Figure 5.3. Velocity increment to 200 nautical mile orbit for orbital inclination. Some launch centers indicated.

latitude is:

La = latitude of the launch site (5.2)

For a due east launch, the inclination of the orbit is equal to the latitude of the launch site. Figure 5.3 shows the velocity increment for the launch A V as a function of the launch site azimuth for a due east launch with a number of launch sites indicated. In reality the launch azimuth will not always be due east. The launch azimuth for a non-rotating Earth at a given orbital inclination and launch site latitude is:

Az = launch azimuth from true north i = orbital inclination (5.3)

Equation (5.3) defines the minimum inclination for an orbit as the latitude of the launch site and a true east or west launch (90° or 270°). For the rotating Earth case a correction to the launch azimuth and velocity must be made by the vector addition of the eastward velocity of the Earth and the launch velocity vector. But equation (5.3) will give the minimum azimuth and a good first-order value. For a Sun-synchronous orbit (98°) from a launch site at 45° latitude this value is -11.4° degrees or an azimuth of 348.6°. For a space station orbit (55°) from Kennedy (28.5°), the azimuth angle is 40.7° or just north of northwest. So if Shuttle launches from Kennedy, the spacecraft must roll so the wing plane is perpendicular to 40.7°, and then proceed along its launch trajectory.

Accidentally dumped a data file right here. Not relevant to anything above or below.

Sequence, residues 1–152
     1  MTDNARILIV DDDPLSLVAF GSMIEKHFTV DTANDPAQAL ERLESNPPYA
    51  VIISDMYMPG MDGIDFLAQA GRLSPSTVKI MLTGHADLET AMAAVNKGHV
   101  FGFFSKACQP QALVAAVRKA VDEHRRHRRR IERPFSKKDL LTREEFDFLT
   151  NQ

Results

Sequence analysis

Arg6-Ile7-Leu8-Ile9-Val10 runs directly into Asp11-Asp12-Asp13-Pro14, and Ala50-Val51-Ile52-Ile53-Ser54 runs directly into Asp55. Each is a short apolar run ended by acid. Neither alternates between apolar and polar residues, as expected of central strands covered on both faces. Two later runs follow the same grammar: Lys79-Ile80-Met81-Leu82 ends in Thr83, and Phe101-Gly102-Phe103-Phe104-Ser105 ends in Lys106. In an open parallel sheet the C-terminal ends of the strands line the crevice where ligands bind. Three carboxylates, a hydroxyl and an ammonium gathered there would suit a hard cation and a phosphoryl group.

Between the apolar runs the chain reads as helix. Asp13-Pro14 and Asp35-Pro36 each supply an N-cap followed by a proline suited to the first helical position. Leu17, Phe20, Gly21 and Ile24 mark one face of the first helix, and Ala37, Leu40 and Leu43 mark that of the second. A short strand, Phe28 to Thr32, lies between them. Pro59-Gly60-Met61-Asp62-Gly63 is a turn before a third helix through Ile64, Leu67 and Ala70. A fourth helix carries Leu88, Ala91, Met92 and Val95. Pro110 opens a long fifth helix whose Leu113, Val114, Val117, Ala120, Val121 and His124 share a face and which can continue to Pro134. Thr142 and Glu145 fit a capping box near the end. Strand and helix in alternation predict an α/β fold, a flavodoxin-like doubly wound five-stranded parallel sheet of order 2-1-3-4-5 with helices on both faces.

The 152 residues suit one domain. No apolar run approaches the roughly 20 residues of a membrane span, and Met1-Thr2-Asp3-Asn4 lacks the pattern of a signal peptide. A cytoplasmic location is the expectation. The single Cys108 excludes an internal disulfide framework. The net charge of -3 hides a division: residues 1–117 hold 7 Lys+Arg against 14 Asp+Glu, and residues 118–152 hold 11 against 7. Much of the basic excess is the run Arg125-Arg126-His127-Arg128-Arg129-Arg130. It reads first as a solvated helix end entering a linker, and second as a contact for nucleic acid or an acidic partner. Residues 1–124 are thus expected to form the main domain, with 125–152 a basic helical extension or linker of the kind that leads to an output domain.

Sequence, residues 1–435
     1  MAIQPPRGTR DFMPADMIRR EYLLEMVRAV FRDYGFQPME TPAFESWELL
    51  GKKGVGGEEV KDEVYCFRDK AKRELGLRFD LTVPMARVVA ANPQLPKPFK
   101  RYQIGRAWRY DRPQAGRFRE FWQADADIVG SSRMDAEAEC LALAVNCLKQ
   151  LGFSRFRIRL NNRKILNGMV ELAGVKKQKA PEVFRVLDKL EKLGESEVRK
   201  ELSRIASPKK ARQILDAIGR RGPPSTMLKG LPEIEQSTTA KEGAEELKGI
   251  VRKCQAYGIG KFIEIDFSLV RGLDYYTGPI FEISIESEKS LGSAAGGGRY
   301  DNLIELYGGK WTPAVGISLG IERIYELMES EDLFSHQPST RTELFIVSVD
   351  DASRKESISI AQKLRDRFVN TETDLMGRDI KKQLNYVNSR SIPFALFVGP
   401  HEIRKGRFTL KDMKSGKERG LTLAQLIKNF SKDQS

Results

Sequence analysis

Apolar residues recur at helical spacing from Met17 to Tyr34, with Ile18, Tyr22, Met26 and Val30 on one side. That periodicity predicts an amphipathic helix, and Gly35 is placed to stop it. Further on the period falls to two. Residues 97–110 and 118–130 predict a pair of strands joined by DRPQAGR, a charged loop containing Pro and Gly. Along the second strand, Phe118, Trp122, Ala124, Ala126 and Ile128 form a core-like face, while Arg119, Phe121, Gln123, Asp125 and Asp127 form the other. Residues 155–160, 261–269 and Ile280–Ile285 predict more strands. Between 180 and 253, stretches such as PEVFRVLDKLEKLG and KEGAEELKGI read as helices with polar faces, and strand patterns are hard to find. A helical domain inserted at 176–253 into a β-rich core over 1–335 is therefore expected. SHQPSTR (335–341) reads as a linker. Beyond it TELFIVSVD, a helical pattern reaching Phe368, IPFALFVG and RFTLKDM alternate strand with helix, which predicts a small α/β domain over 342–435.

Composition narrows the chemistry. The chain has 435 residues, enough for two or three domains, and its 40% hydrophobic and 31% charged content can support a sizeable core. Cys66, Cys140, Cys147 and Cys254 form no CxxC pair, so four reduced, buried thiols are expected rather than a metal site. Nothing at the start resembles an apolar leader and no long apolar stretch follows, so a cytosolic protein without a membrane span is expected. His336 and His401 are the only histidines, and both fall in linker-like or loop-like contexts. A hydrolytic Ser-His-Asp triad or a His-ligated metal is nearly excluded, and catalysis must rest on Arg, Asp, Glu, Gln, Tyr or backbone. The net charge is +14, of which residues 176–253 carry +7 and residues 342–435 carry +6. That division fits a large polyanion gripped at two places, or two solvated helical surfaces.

Given the incremental velocity required to achieve a circular orbit, the next step is to determine the quantity of launch propellant required to place a given quantity of propellant into LEO for inter-orbit maneuvering.

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